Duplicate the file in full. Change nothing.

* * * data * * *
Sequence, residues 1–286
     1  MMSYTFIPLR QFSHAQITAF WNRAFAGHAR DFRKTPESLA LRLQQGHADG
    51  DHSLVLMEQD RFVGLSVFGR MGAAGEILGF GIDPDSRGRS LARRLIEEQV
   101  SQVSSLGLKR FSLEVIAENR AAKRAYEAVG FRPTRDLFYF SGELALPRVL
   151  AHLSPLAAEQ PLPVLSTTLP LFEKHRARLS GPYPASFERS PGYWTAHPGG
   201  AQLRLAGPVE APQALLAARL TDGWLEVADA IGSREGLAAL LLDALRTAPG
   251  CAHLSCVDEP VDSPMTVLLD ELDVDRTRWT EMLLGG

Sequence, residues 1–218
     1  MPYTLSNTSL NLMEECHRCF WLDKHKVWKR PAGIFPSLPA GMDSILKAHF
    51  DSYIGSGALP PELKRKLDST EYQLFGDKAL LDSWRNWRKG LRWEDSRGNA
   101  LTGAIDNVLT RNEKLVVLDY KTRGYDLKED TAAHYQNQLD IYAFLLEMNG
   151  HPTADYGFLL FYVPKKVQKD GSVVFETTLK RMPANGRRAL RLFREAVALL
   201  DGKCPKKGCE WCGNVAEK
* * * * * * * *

Sequence, residues 1–286
     1  MMSYTFIPLR QFSHAQITAF WNRAFAGHAR DFRKTPESLA LRLQQGHADG
    51  DHSLVLMEQD RFVGLSVFGR MGAAGEILGF GIDPDSRGRS LARRLIEEQV
   101  SQVSSLGLKR FSLEVIAENR AAKRAYEAVG FRPTRDLFYF SGELALPRVL
   151  AHLSPLAAEQ PLPVLSTTLP LFEKHRARLS GPYPASFERS PGYWTAHPGG
   201  AQLRLAGPVE APQALLAARL TDGWLEVADA IGSREGLAAL LLDALRTAPG
   251  CAHLSCVDEP VDSPMTVLLD ELDVDRTRWT EMLLGG

Sequence, residues 1–218
     1  MPYTLSNTSL NLMEECHRCF WLDKHKVWKR PAGIFPSLPA GMDSILKAHF
    51  DSYIGSGALP PELKRKLDST EYQLFGDKAL LDSWRNWRKG LRWEDSRGNA
   101  LTGAIDNVLT RNEKLVVLDY KTRGYDLKED TAAHYQNQLD IYAFLLEMNG
   151  HPTADYGFLL FYVPKKVQKD GSVVFETTLK RMPANGRRAL RLFREAVALL
   201  DGKCPKKGCE WCGNVAEK